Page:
"Het huis van mijn ouders is klein."
Translation:My parents' house is small.
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Well, grammatically it would be possible, for a single parent, but we know that that's not the case here. So, yes, it's wrong; here obviously "mijn ouders" would get an apostrophe in Dutch.
But foremost it's unusual. Normally, the house that you grew up in is "mijn ouderlijk huis" (my childhood home). The house that your parents own is "het huis van mijn ouders". The house that once was your parents' but no longer is, is "het vroegere huis van mijn ouders". You probably need to be comparing houses to get a structure like that.
Anyway, your childhood home isn't small, it's you who have become taller.
Well, both option form grammatically possible sentences in English. However, we know from the Dutch that it's about more than one parent: "Ouders". Thus, in English it has to be parents' with an apostrophe at the end. Depending on the number of houses it could be "my parents' house" or ""my parents' houses", but the plural of "house" never gets an apostrophe.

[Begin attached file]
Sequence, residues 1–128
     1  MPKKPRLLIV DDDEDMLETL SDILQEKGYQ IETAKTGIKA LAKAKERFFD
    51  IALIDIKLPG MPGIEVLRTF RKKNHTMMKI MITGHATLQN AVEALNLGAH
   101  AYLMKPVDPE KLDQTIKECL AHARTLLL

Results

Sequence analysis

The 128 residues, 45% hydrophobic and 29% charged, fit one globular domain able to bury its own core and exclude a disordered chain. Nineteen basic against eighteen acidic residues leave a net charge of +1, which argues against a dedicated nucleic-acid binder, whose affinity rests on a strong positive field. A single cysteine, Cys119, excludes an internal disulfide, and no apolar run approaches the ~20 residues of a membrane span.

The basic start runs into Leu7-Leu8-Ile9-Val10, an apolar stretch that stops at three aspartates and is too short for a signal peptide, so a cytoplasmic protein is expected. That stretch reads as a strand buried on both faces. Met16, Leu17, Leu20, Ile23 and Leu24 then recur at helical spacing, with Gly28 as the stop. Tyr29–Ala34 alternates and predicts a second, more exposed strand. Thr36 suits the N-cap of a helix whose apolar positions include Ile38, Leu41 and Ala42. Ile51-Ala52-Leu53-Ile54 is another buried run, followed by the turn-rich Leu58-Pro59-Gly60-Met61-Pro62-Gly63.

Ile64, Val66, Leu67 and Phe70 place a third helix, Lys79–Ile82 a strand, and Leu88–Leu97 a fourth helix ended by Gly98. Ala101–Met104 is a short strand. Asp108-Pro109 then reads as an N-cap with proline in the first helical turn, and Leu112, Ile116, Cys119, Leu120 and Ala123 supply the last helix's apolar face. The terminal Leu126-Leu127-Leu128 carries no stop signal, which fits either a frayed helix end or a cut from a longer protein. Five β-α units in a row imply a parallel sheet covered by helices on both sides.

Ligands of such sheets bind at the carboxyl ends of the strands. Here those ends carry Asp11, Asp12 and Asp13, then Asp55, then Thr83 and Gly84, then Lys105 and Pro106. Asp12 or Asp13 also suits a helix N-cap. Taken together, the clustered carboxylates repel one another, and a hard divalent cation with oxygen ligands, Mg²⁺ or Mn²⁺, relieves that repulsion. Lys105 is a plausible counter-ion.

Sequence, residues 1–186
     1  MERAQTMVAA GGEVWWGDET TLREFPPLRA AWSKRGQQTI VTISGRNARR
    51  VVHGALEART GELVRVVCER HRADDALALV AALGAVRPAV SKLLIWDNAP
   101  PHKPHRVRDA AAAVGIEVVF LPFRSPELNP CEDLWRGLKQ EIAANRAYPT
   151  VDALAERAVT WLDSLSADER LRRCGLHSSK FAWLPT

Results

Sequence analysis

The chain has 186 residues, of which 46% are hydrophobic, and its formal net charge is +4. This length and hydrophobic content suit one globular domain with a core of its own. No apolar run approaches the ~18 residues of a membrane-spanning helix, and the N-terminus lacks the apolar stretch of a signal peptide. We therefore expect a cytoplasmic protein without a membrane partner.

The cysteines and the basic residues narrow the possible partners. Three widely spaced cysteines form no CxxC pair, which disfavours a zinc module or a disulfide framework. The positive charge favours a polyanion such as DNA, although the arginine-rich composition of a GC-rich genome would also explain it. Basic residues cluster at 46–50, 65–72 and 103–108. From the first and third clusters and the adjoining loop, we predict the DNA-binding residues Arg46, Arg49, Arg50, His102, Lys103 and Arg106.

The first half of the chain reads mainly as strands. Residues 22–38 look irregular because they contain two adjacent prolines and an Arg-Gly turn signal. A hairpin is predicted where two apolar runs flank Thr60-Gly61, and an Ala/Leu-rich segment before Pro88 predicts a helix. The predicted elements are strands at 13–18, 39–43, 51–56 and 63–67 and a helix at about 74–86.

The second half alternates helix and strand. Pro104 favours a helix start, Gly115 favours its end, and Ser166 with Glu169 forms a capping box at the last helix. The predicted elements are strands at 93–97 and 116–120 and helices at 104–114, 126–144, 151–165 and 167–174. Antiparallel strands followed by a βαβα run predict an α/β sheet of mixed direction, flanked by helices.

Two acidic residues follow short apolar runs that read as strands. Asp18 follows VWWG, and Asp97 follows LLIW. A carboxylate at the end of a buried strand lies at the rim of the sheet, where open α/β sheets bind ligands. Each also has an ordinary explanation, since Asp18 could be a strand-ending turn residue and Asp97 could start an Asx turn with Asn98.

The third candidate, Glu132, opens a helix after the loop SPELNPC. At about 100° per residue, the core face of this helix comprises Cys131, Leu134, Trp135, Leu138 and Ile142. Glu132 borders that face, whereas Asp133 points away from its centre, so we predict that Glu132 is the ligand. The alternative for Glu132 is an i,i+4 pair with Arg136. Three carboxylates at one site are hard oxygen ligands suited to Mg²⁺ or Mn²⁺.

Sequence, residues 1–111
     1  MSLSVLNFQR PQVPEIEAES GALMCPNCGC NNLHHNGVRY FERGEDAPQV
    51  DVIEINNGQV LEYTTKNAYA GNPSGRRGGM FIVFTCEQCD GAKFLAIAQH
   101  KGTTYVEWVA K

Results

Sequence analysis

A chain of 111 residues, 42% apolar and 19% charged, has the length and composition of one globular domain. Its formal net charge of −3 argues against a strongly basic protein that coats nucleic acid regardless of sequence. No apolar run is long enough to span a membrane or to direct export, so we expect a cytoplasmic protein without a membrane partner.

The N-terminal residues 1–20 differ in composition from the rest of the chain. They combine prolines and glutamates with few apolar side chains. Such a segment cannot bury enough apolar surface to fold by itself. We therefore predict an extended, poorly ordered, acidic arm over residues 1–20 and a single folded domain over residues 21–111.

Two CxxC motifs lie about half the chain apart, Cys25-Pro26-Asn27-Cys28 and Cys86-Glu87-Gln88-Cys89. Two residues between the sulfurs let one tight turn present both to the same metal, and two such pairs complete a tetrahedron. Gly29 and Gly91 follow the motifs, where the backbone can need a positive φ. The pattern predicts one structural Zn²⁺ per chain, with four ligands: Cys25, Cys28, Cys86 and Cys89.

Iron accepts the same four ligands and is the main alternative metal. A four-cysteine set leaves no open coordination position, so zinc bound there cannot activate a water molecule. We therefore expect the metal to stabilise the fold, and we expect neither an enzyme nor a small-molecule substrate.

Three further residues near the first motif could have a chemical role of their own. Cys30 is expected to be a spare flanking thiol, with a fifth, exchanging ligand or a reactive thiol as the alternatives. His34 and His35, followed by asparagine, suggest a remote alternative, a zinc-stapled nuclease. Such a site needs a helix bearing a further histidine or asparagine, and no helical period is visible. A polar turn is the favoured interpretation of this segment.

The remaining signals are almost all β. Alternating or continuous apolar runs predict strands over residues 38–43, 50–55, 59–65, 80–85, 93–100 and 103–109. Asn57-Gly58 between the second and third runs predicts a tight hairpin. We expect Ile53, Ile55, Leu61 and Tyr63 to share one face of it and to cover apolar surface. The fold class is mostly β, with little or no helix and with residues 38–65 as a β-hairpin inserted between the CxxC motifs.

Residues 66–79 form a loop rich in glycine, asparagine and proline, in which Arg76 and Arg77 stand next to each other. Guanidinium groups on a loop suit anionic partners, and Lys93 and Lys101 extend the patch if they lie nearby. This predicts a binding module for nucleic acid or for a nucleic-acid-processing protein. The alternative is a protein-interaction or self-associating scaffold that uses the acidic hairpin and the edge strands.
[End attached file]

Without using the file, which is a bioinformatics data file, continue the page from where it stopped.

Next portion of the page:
Yes, it is. However, as the rules for using a possessive apostrophe differ between English and Dutch, you can't use the English rules for the Dutch constructs.
So, in English, "My father's coat" is attached using an apostrophe because the s is not a part of "father", but merely is a possessive. In Dutch "Mijn vaders jas" doesn't have an apostrophe, as adding the s to "vader" doesn't hide the s in any way. This is different from "Mijn ouders' huis.", where an apostrophe is inserted to indicate there's a second s after "ouder": first one to form the plural "ouders" and then another one to make it a possessive.
All that for the Saxon genitive ('s). That's fine for English, but it's losing terrain in Dutch, where for nouns the Norman genitive ("of") is becoming more customary. So, "Mijn vaders jas." is fine, though you may have to report it a few times before it's accepted, but "De jas van mijn vader." is probably used more often in Dutch.